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Australia’s Gambling Industry Battles Controversy

Penny September 27, 2023

Describing the last couple of years as a tough period for the betting business Down Under would be a vicious understatement. Month after month, a tumultuous timeline unfolded that seemed to be signaling the end of an industry that has long been at the center of Aussie culture. Casinos have found themselves embroiled in money laundering and organized crime allegations and world-famous poker tournaments have been given the boot. It doesn’t appear to be letting up any time soon, either.

australia gambling industry

One of the country’s favorite pastimes finds itself battling accusations of allowing underage gambling, threatening to further sink the reputation of an already-precarious industry. Concerns are rising that this latest development could spell the end to, or at least significant changes to, the legislative landscape around gambling in the country.

Underage Betting at Tab Outlets Leads to Outcry

Tabcorp is Australia’s leading multichannel gambling organization. Its machines and apps are a key part of the country’s pub and club culture. Kiosks form the backbone of many an Aussie pub, especially those that operate as sports bars. Given that this is a nation that prides itself on its love for sport, including Aussie rules football, soccer, rugby, and horse racing, sports betting is a regular pastime. Data from the Australian Institute of Family Studies suggests that as many as 2 million citizens place at least one bet on sport in a year. Further, around half a million people regularly place bets on sport. Keeping in mind that the country is home to a little over half of the population of California at 25 million people, that’s a not insignificant number of regular bettors. All this is to say that we’re talking about a nation that sees gambling as part of its identity. So, to hear that some of the pubs and clubs playing host to the Tabcorp sports betting kiosks have reportedly been flaunting the regulations surrounding underage gambling is concerning to say the least.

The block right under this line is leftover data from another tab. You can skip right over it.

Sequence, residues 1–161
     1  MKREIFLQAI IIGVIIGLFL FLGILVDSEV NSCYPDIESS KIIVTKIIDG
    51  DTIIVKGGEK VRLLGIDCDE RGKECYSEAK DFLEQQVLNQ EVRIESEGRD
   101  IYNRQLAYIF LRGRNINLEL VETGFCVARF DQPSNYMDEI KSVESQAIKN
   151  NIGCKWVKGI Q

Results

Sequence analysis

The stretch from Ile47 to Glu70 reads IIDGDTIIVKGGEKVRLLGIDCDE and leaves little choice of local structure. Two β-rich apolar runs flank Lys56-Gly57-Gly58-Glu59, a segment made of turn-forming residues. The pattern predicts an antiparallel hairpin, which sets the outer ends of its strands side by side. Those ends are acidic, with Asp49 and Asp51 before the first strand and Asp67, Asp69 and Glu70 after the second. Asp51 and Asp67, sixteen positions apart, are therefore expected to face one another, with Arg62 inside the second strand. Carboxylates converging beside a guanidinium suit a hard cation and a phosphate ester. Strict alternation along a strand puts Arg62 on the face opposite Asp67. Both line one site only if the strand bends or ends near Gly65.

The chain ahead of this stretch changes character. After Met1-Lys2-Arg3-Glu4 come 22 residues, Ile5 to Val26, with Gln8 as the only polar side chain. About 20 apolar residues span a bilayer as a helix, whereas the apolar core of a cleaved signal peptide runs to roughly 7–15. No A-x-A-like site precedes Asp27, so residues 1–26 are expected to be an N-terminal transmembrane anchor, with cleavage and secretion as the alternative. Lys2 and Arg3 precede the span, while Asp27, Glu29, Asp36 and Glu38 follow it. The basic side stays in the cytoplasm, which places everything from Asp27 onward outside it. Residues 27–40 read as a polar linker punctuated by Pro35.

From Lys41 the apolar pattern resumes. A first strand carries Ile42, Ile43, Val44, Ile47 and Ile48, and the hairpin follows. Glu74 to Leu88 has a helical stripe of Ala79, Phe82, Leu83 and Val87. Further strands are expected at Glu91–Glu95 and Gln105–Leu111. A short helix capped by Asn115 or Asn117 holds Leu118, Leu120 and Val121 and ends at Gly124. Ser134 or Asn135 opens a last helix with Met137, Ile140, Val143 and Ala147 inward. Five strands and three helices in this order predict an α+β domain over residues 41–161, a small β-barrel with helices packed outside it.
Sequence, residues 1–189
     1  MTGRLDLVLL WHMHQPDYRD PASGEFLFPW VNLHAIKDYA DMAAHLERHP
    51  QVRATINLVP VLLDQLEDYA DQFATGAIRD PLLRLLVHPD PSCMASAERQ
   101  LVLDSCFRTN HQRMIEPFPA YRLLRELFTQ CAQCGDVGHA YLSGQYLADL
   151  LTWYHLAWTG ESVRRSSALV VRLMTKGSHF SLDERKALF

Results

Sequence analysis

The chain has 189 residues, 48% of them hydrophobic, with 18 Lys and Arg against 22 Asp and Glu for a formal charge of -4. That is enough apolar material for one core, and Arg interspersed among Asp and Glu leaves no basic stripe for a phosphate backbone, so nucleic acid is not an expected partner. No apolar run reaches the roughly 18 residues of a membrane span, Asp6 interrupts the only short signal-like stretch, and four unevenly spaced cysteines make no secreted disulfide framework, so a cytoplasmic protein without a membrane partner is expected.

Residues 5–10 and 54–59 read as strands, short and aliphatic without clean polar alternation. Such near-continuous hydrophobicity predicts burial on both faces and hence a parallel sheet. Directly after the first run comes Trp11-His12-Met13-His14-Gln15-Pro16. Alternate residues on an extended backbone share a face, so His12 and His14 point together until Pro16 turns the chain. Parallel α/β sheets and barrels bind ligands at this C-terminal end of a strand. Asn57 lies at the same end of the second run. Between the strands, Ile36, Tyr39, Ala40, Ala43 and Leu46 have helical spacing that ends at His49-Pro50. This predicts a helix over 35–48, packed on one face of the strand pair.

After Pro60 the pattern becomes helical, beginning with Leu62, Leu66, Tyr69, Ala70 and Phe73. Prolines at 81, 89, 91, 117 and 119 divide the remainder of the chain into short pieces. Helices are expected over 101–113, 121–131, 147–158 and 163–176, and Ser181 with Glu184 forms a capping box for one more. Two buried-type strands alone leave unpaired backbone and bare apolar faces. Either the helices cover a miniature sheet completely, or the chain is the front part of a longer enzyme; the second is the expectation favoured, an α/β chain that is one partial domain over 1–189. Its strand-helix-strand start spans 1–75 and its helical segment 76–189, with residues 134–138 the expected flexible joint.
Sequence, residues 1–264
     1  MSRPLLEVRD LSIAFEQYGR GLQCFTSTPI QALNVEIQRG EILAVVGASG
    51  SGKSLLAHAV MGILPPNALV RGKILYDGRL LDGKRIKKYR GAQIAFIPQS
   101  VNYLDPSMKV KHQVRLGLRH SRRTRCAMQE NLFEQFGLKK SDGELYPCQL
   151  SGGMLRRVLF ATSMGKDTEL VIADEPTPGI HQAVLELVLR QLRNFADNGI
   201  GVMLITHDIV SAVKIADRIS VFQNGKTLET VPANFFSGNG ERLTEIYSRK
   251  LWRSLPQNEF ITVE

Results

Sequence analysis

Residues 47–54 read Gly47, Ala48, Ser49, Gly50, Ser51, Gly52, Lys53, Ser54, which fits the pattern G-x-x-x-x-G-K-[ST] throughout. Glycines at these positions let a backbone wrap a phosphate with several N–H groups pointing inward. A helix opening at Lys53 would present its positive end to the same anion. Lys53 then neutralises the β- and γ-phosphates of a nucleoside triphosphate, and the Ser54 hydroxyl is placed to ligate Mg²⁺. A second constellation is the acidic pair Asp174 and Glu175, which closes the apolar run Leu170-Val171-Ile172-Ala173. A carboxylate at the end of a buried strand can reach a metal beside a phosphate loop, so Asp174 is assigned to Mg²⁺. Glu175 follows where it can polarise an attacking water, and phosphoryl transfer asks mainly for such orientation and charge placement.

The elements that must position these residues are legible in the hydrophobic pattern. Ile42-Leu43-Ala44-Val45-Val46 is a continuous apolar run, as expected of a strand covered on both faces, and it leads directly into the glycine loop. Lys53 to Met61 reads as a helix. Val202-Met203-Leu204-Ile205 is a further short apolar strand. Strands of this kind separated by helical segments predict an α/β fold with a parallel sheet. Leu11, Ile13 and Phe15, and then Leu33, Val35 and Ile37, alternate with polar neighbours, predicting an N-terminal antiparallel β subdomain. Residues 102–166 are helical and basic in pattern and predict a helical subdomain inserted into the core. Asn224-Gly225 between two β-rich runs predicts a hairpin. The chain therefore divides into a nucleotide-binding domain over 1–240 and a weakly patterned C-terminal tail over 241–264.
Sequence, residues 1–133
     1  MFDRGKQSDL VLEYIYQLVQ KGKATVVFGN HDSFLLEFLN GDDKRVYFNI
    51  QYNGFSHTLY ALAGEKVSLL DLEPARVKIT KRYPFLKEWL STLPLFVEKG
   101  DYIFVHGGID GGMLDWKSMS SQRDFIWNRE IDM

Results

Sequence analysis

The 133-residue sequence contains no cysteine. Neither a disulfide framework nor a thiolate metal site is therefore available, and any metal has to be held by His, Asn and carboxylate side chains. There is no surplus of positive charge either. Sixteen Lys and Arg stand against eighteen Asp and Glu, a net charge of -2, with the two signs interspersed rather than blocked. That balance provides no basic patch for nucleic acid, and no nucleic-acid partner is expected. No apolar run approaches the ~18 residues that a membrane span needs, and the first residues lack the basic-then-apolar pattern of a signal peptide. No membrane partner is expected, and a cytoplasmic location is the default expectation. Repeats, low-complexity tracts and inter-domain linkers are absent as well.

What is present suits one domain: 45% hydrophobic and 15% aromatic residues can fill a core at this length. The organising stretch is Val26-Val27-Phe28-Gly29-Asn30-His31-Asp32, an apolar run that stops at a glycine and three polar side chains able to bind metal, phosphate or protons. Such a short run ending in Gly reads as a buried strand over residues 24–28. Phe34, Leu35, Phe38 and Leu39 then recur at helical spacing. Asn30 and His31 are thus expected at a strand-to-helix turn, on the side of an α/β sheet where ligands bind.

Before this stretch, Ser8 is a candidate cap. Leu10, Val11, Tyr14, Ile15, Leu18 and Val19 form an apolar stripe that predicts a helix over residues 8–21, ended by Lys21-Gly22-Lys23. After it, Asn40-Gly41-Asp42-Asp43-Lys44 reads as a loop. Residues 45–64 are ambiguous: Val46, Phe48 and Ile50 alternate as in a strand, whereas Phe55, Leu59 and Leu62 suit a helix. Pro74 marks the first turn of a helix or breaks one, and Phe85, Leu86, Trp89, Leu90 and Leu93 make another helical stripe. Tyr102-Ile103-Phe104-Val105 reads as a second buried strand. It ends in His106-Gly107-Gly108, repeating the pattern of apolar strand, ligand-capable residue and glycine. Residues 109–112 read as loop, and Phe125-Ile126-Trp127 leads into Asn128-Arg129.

The aforementioned Tabcorp, along with eight venues across Melbourne, have been charged with allowing a 16-year-old to make wagers on nearly 30 different occasions, according to Australia’s gambling age is lower than that of most states in the US, with citizens able to place bets from the age of 18 up. However, that appears not to have been enforced in a number of Melbourne’s outlets. As much of the country’s sports betting is undertaken using electronic terminals, it isn’t suggested that customer service agents have actively turned a blind eye to underage gambling. Instead, the charges are based upon the failure of Tabcorp to implement appropriate age identification measures on its terminals. The venues, too, are under fire for not securing their gaming areas and ensuring that minors are not able to access these sections. The indication is that venues have not actively supervised these areas, allowing underage bettors like the 16-year-old to slip under the radar.


Big-Figure Fines Common in Australia’s Gambling Industry

Obviously, these charges are extremely serious and highlight an unfortunate soft underbelly that is open to exploitation within the gambling landscape in Australia. Reputation means a lot in the leisure business, so the venues involved will be concerned that patrons may vote with their feet and take business elsewhere. However, perhaps more concerningly, the Guardian reports that one of these pubs is facing up to AU$220,000 in fines. That’s a significant sum of money for a small or medium business. The other venues involved also face fines, with the total amount potentially totting up to a total of AU$1 million. That will make a big dent in the local leisure industry and leave a hole in the finances of the affected establishments. Few will have sympathy for them, given that these fines are the result of their own shortcomings, but these fines will likely usher in some change to the local economy in the coming year.


On top of the issues on a local level, it is becoming far too common that fines need to be dished out to gambling businesses in Australia. As Reuters detailed in July, Crown, the casino behemoth in the country, was rocked by nearly AU$700 million in fines for its involvement in, or inability to stop, international money laundering schemes. Largely, this suggests that there is a rotten core that has taken hold in the industry that needs to be addressed. Whether or not the causes are nefarious or a result of a lackadaisical approach to security, it’s clear that the Australian gambling industry is at a crossroads.

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